11 Ways to Lead a Low-Stress Life: It Might Prevent a Heart Attack

Source: Thinkstock

Source: Thinkstock

A new study from Harvard Medical School in Boston has discovered a frightening new finding about why stress is not good for you: stress can cause heart attacks. To be more precise, stress can cause your body to produce too much white blood cells, which, in turn, can create heart problems.

While white blood cells fight diseases, they can do more harm than good when produced in excess. When there is an abundance of white blood cells, the extra cells create blockage by sticking to the inner walls of your arteries. This restricts flood flow, forms clots that block circulation, and can result in a heart attack.

“[They] are important to fight infection and healing, but if you have too many of them, or they are in the wrong place, they can be harmful,” said study co-author and biologist Matthias Nahrendorf of the Harvard Medical School, according to reports by Agence France-Presse.

These findings, which have been published in journal Nature Medicine, are especially troublesome for those who already have an existing heart condition (say, atherosclerosis) as it leaves them at more risk of a heart attack. In these patients, added stress can result in a heart attack or a stroke.

“The idea has been out there that chronic psychosocial stress is associated with increased cardiovascular disease in humans, but what’s been lacking is a mechanism,” explains physician and atherosclerosis researcher Alan Tall of Columbia University to Science magazine about the significance of the study.

The perils associated with stress neither start nor stop here. Chronic stress has been affiliated with anxiety, depression, digestive problems, sleep problems, weight gain, memory and concentration impairment, high blood pressure, diabetes, skin problems, susceptibility to infection, and infertility.

Source: Thinkstock

Source: Thinkstock

According to the American Psychological Association (APA), 69 percent of employees report that work is a significant source of stress, 70 percent of all deaths in the United States are attributed to chronic disease, and more than half of adults admit that family responsibilities are a significant source of stress.

With the effects of stress being potentially fatal, it is important to take proactive measures to cope with stress, if not eradicate it from your life completely. Here are eleven tips on how to deal with stress:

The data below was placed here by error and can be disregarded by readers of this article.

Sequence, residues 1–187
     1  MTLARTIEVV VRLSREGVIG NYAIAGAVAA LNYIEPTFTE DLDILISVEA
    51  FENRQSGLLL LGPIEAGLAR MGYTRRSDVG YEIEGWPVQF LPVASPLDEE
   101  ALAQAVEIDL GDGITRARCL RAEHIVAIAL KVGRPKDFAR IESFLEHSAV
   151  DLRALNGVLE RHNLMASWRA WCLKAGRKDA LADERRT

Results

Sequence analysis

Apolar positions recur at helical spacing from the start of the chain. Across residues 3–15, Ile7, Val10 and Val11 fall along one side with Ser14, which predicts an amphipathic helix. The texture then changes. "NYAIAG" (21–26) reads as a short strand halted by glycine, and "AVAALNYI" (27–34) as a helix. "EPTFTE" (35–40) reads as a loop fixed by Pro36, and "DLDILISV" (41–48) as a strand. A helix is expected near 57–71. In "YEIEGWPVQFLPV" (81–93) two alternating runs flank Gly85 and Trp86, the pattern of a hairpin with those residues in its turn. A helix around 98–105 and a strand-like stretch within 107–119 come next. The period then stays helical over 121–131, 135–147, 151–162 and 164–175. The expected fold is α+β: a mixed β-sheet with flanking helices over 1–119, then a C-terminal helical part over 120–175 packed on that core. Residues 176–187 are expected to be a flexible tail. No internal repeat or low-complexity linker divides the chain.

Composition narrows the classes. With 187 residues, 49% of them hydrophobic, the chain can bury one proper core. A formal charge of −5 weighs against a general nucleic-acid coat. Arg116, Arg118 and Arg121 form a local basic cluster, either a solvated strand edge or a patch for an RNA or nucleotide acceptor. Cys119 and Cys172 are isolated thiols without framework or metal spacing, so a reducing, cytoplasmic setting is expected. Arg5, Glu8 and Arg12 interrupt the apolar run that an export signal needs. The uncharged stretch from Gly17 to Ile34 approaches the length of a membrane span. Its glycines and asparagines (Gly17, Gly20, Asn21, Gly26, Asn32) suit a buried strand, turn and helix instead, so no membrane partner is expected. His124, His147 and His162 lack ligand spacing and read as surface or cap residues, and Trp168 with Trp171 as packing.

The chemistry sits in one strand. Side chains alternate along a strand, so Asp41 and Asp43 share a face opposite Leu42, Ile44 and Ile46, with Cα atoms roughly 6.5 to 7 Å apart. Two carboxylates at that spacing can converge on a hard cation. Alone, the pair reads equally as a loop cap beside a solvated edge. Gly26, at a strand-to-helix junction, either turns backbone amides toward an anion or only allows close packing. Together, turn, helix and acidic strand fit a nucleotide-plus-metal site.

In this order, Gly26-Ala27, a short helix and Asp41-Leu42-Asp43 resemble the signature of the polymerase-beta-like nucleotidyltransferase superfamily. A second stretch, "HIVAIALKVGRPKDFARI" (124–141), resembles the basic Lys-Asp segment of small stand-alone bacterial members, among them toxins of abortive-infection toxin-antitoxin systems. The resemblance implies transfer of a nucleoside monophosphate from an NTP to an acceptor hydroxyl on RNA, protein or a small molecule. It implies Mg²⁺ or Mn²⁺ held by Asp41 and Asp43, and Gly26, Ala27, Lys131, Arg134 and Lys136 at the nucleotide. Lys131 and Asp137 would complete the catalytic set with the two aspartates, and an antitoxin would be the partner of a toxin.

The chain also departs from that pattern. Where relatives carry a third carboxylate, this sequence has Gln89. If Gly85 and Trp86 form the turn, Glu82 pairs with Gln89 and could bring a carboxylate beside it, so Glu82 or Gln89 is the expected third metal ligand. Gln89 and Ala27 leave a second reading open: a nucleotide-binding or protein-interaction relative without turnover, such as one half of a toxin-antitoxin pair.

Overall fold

1. “Recognize signs of your body’s response to stress, such as difficulty sleeping, increased alcohol, and other substance use, being easily angered, feeling depressed, and having low energy,” advises the National Institute of Mental Health.
  2. Everyone has a support system that makes them feel better — whether it be friends, family or a religious organization. Identify what keeps you stress-free and stay in touch with those people. Consider this: One study found that college students who practiced a religion were less stressed than students who did not.
  3. Believe it or not, candles and aromatherapy can help reduce stress levels. Not all scents are made alike — lavender is one scent that is consistently associated with reducing stress.
  4. Do not take on more than you can handle. Biting off more than you can chew — as the age old saying goes — can be a huge component to chronic stress. Be sure to say no to what you cannot handle and prioritizing your tasks.
  5. Studies have found that exercising regularly is a great way to reduce stress. In fact, just 30 minutes of activity a day can help your mood and stress levels courtesy of the post-exercise endorphin rush.
  6. There are many activities that help ward off stress, including yoga and tai chi. Form a habit of engaging in such stress-reducing activities to keep stress at bay.
  7. Listening to music has been associated with relieving stress, as music has been proven to trigger biochemical stress reducers.
  8. You’ve heard the saying “Laughter is the best medicine,” and in the case of stress, it just might be. Studies have found that laughing is a great way to eliminate the physical effects of stress.
  9. One study has found that drinking black tea can lower post-stress cortisol levels and help you relax.
  10. There’s a reason why kindergarteners are so stress-free: Nap time. Studies have found that taking naps can reduce cortisol levels.
  11. If all else fails, seek out a mental health professional who can help you reduce your stress and stop you from dwelling on problems. If stress leads you to have suicidal thoughts or rely on alcohol and drugs, then a mental health care provider is a must.

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